If we recall that Arigo Boito proved to be the librettist Verdi had always dreamt of and the octogenarian came out of retirement to set Boito’s libretti to “Otello” and “Falstaff” to music, then we might not be too surprised to find that the libretto Boito prepared for his own version of “Faust” is the best of the lot.
Well aware of the dangers of trying to include a good deal of both parts of Goethe’s epic, the composer/librettist still presented the first-night audience with six hours of theater that had them in a very belligerent mood by the end of it all. That was in 1868 and by 1875 he had shortened the work to the 2.5 hours or so that it now takes to perform. I would dearly love to read at least the original libretto, which is said to have been destroyed. And despite all this, what we have is still the closest to Goethe’s “Faust” among all the attempts to mold it into an opera.
It begins with a Prologue in Heaven. After a long orchestral introduction, highlighted by trumpet calls from the various upper reaches of the theater, you hear a chorus of voices offering praises to the Lord. (What you actually see all through this is up to the director.) Then there is a mocking scherzo for a few bars and Mefistofele appears to have a chat with “Il Signor.” Immediately we are aware of why Boito titled his work after this character and not Faust. Not so much to avoid confusion with the Gounod work, but to let us know where the emphasis is to lie in this work.
Boito’s Italian practically translates the German at this point word for word. The bet is made and after a chorus of cherubim drives the Devil from the scene, the Prologue ends with an extended chorus of some length, leaving the director with the problem of offering something visual for several minutes of great choral work. The City Opera of New York gave us a laserlight show; the video with Samuel Ramey in the title role gives us shots of clouds and plaster cherubs and angels. Recordings, of course, do not have this problem.
The scene before the City Gates has a good deal of complex chorus work, very much as in Gounod; and the plot is advanced not a jot all through it, except for Faust’s spotting a mysterious Friar stalking him. In the next scene, we are on familiar territory as the Bet is made. But unlike the trivial conditions of the Gounod’s librettists, here we have a very Goethean Faust demanding his “ora di riposo”—the one moment of contentment that will make him stop his striving—in return for his soul. We also have the magnificent “whistling aria” for Mefistofeles, “I am the Spirit that denies,” that puts a very intellectual tone to this script totally lacking in any of the other versions.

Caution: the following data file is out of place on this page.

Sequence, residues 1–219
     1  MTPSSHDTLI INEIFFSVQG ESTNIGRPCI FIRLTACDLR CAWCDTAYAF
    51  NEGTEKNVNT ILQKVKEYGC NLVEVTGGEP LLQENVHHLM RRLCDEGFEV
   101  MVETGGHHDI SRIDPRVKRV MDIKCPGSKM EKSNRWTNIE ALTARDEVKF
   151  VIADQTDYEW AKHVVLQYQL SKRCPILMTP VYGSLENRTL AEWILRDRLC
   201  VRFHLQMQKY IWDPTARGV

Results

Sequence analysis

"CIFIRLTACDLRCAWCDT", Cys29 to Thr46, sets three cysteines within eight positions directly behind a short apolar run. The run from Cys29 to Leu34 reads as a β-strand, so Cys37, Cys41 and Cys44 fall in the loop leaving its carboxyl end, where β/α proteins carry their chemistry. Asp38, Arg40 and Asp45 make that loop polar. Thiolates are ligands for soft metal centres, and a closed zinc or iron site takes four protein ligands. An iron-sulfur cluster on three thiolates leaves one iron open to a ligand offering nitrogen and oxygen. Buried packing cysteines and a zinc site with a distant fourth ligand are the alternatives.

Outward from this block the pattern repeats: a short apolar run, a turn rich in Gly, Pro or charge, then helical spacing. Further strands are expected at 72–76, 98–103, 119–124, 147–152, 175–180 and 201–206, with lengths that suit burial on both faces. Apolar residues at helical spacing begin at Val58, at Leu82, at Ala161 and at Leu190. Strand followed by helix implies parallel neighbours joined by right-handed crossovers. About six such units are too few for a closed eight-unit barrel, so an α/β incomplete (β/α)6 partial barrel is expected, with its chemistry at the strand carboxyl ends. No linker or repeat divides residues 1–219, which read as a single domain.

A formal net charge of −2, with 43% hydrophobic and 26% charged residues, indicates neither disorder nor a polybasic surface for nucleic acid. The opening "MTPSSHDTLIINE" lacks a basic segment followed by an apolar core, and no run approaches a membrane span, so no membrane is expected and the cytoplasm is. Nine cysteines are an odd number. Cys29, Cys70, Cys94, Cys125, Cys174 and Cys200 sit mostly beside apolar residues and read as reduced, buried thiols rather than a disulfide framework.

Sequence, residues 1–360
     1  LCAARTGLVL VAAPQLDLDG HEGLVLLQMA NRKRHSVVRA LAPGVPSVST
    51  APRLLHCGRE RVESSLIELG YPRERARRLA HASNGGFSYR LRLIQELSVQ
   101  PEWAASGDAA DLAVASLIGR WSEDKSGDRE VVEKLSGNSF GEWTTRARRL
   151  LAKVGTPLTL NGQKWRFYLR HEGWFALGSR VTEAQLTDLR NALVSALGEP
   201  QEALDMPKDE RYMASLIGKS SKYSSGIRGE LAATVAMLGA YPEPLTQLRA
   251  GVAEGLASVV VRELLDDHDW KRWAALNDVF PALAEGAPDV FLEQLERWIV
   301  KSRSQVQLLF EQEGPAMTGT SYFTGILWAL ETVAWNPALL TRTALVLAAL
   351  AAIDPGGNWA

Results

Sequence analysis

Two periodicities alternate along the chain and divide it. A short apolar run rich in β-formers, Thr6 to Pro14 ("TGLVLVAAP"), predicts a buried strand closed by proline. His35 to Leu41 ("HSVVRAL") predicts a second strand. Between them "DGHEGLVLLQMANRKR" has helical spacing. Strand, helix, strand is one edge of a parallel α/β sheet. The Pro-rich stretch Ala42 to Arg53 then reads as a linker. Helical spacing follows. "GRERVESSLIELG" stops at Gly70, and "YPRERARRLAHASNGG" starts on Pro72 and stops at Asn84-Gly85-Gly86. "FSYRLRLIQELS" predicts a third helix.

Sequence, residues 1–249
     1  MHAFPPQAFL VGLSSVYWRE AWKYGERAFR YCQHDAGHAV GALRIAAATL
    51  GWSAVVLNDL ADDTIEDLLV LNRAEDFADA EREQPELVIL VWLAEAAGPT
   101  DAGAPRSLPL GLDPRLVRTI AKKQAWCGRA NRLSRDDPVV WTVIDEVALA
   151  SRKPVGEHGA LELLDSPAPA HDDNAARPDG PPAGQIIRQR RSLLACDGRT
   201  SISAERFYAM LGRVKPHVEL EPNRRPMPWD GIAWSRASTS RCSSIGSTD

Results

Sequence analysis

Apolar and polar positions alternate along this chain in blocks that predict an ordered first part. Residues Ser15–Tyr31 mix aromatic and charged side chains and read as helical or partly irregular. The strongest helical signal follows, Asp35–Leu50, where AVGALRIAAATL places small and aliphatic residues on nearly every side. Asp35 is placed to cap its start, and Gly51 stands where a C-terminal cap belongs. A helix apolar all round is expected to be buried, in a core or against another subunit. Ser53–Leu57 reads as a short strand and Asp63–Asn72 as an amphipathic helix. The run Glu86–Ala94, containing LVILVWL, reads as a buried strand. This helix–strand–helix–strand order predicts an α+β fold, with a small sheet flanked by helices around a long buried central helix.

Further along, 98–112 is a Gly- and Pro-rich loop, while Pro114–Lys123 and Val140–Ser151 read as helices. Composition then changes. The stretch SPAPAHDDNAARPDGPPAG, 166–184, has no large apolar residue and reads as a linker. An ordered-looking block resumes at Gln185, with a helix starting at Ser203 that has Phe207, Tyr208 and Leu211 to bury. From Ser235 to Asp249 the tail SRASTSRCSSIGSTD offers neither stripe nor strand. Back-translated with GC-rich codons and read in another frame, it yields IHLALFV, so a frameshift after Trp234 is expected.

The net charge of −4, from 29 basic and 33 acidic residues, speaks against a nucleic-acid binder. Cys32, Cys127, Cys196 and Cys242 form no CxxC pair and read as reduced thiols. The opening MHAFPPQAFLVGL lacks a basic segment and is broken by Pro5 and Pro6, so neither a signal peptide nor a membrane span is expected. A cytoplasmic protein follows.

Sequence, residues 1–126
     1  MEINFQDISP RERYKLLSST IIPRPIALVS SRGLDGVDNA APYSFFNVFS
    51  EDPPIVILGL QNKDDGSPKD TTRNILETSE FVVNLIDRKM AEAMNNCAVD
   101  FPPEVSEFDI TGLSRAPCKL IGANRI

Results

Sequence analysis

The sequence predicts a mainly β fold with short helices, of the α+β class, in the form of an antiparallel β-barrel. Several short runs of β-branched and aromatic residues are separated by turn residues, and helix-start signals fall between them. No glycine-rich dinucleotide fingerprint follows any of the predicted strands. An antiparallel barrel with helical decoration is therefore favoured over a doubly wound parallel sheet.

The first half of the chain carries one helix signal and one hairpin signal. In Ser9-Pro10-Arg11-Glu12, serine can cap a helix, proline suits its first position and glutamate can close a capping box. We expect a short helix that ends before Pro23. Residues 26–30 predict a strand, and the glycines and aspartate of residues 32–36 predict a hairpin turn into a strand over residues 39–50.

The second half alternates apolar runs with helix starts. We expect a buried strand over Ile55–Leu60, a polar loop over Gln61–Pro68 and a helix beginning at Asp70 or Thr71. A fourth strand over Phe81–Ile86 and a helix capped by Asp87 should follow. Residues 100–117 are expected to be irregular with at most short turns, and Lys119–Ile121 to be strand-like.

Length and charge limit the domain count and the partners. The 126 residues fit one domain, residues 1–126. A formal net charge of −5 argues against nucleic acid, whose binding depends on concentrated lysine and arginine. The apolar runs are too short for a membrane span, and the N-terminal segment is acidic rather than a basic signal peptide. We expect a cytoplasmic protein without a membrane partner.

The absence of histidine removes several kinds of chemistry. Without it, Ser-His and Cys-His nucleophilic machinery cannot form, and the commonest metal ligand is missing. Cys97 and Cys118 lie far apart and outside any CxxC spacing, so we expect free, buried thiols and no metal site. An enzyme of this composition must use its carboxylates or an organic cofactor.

There is nothing leading up to the Garden Scene as things stand now. Faust woos Margherite (as she is spelled here), Marta tries to seduce Mefisto, and they all end up roaring with laughter. As far as libretto goes, the most interesting part of the scene is Faust’s reply to the young girl’s question, “Do you believe in God?” The subsequent Walpurgis Night sequence has a good deal of very difficult chorus work that tends to last beyond the term of its musical interest; but it certainly is a good deal more atmospheric than the corresponding music in the Gounod scene. And there is no ballet.
The scene in Margherite’s prison allows her a very effective aria about her lost child and lost love; and Boito’s unorthodox harmonies are just right to show her state of mind and the situation in general. Further, they supply the greatest possible contrast with the music depicting the “Classical Walpurgis Night.” The act opens with a soprano/mezzo duet of great beauty, comparable to the one in “Tales of Hoffmann.” This is where the ballet comes, but it is of little musical interest and Helen of Troy (that should be of Sparta, of course) is given a long narrative aria that sounds as if it were taken from Berlioz’ “The Trojans.” The love duet between tenor and soprano is quite lovely, blending into a full chorus.
The final act shows the death and redemption of Faust in which the Devil and Angelic Choir are given some powerful moments. Unhappily Faust’s Moment gets lost among the counterpoint and audiences might not realize what is actually going on even with a libretto to guide them. The final moments return to the majesty of the Prologue in Heaven, but this time we have Mefisto whistling his defiance at the forces of Good.
What are most interesting are the title character and his musical treatment. His “I am the Spirit that denies” begins each stanza with a snarling tempo and ends with a piercing whistle. Both the words and musical treatment of this and his later aria, “Behold the world,” point forward to the character of Iago as expressed by Boito in the interpolated Credo: “I believe in a cruel God.” Evil is always easier to portray on a stage than is goodness, as most actors readily admit; and the worst role of all to play is a good Priest or a pure maiden. They tend to get somewhat boring. This is probably why the Devil gets all the really powerful material in this work.
However Faust’s arias, short as they are, are very moving; and Margherite is considerably more lively in her short scene in the garden and more complex in her prison scene than her French opposite. If you have never heard this opera, please give it a try on the London recording with Siepi if you can find it. I have not heard the one with Ramey, but it cannot be better than the older version.
I highly recommend the DVD on the Kultur label with Ramey. The “concept” of this production is that the universe is a theater–and this works beautifully at the end of the Prologue in Heaven, as you can see for yourself.